marine algae called dinoflagellates.

  1. Reached maximum diversity and abundance 850 m.y.
  2. Declined during Neoproterozoic glaciation
  3. Few acritarchs remained by 675 m.y. ago
  4. Extinct in Ordovician time
  5. Useful for correlating Proterozoic strata

The First Metazoans (Multicellular Animals)
  • Metazoans are multicellular animals with various
    types of cells organized into tissues and organs.
  • Metazoans first appeared in the Neoproterozoic,
    about 630 m.y. ago (0.63 b.y.). Preserved as
    impressions of soft-bodied organisms in

Examples of metazoan fossils in the Proterozoic
  • Ediacara fauna - Imprints of soft-bodied
    organisms, first found in Australia in the 1940's
  • Metazoan eggs and embryos in uppermost
    Neoproterozoic Doushantuo Formation, South China
  • Trace fossils of burrowing metazoans in rocks
    younger than the Varangian glaciation.
  • Tiny shell-bearing fossils (small shelly fauna)

  • Geologic time scale across the
    Precambrian-Cambrian boundary, showing the
    Ediacaran fauna and other faunas.

Ediacara fauna
  • Ediacara fauna is an important record of the
    first evolutionary radiation of multicellular
  • Some were probably ancestral to Paleozoic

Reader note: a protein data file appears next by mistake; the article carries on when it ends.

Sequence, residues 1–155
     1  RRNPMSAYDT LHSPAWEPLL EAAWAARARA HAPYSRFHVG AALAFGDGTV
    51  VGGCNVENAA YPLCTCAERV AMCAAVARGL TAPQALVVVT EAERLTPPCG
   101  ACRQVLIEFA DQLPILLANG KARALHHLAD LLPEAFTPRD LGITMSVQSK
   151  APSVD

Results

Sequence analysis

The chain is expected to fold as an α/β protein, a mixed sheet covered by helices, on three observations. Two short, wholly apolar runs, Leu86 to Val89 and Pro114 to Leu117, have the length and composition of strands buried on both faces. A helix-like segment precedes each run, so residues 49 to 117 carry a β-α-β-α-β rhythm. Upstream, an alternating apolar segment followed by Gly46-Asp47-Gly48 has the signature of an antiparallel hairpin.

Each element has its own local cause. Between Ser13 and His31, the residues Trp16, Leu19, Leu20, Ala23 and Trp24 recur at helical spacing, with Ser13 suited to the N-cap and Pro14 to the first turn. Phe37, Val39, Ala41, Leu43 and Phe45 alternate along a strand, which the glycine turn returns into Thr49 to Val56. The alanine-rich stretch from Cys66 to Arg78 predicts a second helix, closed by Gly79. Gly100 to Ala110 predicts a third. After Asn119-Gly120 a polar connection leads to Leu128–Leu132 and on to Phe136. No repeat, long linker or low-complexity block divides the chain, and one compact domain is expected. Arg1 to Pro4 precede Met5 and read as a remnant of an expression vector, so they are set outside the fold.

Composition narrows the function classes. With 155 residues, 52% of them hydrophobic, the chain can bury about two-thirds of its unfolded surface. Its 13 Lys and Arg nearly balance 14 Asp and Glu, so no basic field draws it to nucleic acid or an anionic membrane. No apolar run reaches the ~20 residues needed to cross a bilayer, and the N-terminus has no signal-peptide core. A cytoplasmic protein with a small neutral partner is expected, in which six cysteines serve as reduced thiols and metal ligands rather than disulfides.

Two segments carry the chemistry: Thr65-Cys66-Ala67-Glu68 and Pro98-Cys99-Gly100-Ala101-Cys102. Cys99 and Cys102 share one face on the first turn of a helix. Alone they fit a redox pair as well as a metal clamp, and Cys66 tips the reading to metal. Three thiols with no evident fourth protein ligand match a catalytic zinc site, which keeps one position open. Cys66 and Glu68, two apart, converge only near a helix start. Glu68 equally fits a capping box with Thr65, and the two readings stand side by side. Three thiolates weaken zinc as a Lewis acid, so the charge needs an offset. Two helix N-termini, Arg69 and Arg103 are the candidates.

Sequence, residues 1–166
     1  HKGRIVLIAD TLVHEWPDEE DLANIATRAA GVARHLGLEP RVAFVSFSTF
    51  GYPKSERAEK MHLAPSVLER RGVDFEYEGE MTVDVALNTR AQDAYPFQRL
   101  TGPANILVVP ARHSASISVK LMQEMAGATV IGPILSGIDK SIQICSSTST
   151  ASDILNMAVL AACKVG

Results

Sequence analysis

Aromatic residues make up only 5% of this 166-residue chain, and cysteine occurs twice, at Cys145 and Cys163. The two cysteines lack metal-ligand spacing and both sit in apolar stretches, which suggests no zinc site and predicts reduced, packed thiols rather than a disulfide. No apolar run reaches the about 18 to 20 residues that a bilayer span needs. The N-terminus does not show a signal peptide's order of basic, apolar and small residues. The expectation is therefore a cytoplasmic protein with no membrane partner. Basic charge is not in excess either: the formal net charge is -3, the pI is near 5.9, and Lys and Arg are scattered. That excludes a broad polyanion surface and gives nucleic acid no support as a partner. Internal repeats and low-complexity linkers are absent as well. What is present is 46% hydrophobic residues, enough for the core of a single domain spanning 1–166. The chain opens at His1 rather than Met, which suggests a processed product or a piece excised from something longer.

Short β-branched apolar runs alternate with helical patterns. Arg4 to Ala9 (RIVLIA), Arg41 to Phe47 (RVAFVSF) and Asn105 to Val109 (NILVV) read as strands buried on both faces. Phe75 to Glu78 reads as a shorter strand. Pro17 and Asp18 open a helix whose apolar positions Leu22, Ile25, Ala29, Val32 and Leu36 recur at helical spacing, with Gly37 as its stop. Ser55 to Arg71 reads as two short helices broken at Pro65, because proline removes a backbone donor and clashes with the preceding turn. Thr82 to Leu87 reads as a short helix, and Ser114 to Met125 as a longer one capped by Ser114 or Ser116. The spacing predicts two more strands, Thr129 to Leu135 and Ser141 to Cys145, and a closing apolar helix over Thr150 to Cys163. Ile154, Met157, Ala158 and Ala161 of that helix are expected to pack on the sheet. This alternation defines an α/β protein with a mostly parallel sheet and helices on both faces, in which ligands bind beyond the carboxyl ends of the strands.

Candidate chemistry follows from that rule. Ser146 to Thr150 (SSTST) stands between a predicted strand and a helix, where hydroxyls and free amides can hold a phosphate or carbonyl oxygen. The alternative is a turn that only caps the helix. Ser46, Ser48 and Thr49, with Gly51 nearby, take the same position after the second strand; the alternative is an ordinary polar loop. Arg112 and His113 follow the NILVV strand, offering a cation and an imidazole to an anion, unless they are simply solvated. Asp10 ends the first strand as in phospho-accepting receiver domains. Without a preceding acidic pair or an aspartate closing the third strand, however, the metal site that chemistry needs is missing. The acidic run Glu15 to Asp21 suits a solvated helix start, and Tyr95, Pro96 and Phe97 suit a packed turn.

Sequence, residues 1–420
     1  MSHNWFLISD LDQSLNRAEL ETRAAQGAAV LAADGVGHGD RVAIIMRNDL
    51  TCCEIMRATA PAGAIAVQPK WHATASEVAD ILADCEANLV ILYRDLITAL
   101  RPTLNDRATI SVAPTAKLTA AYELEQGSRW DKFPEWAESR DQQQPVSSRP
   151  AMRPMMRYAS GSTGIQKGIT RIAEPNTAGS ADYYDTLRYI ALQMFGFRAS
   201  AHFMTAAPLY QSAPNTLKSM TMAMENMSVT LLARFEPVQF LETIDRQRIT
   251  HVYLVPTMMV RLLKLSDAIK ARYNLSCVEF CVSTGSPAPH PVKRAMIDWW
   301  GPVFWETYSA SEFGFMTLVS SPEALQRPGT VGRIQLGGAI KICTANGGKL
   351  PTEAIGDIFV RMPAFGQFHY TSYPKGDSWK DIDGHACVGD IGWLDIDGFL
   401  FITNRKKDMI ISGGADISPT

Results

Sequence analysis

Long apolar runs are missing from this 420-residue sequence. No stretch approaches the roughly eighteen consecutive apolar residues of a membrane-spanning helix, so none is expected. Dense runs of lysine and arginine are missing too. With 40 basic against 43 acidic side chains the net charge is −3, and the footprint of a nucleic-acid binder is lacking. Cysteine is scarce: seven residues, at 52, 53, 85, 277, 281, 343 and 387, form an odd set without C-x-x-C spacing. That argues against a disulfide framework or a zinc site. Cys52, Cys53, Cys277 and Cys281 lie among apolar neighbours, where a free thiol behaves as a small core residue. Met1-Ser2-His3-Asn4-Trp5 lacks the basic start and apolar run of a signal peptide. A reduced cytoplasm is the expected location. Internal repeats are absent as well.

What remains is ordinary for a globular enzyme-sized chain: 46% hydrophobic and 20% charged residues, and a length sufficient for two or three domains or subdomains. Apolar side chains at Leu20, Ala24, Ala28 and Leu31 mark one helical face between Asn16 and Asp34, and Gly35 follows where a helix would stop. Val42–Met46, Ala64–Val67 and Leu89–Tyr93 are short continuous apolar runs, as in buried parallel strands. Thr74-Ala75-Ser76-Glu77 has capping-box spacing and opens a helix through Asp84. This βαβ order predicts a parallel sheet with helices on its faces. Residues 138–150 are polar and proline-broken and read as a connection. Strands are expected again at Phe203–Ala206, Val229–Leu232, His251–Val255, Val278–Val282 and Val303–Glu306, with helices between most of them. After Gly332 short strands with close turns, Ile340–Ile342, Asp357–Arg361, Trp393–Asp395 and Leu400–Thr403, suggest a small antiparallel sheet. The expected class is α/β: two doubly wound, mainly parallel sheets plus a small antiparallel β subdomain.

• Oldest Ediacara-type fossils are from
    China.Youngest Edicara-type fossils are Cambrian
    (510 m.y., Ireland).

Types of Ediacara fossils
  • Discoidal
  • Frondlike
  • Elongate or ovate

Ediacara fauna
  • Because the Ediacara creatures are not really
    similar to animals that are living today, this
    has led to the suggestion that they be placed in
    a separate taxonomic category or new phylum.
  • The name proposed for this new category is
    Vendoza (named after the Vendian, or the latest
    part of the Neoproterozoic in Russia).

Small Shelly Fauna The Origin of Hard Parts
  • Small fossils with hard parts or shells appeared
    in the Neoproterozoic.

Small Shelly Fauna The Origin of Hard Parts
  • Cloudina, an organism with a small, tubular
    shell of calcium carbonate (CaCO3).
  • Resembles structures built by a tube-dwelling
    annelid worm.
  • Earliest known organism with a CaCO3 shell.
  • Found in Namibia, Africa.

Small Shelly Fauna The Origin of Hard Parts
  • Other latest Proterozoic and earliest Cambrian
    small fossils with shells include
  • Possible primitive molluscs
  • Sponge spicules,
  • Tubular or cap-shaped shells, and
  • Tiny tusk-shaped fossils called hyoliths
  • Some early shelly material is made of calcium

Precambrian Trace Fossils
  • Trails, burrows, and other trace fossils are
    found in late Neoproterozoic rocks.
  • In rocks deposited after the Neoproterozoic
    Varangian glaciation.
  • Mostly simple, shallow burrows.
  • Trace fossils increase in diversity, complexity,
    and number in younger (Cambrian) rocks.

What stimulated the appearance of metazoans?
  • May be related to the accumulation of sufficient
    oxygen in the atmosphere to support an
    oxygen-based metabolism.
  • Ancestral metazoans may have lived in "oxygen
    oases" of marine plants.
  • Ediacaran life may have evolved gradually from
    earlier forms that did not leave a fossil record.

  • Review of Proterozoic Events

  • Review
  • of the
  • Precambrian